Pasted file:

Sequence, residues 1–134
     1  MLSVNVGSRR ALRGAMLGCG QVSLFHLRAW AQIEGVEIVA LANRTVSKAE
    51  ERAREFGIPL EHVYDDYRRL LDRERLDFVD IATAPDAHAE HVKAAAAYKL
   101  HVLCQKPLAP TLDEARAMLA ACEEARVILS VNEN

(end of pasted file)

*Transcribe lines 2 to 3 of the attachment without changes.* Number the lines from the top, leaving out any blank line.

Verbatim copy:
     1  MLSVNVGSRR ALRGAMLGCG QVSLFHLRAW AQIEGVEIVA LANRTVSKAE
    51  ERAREFGIPL EHVYDDYRRL LDRERLDFVD IATAPDAHAE HVKAAAAYKL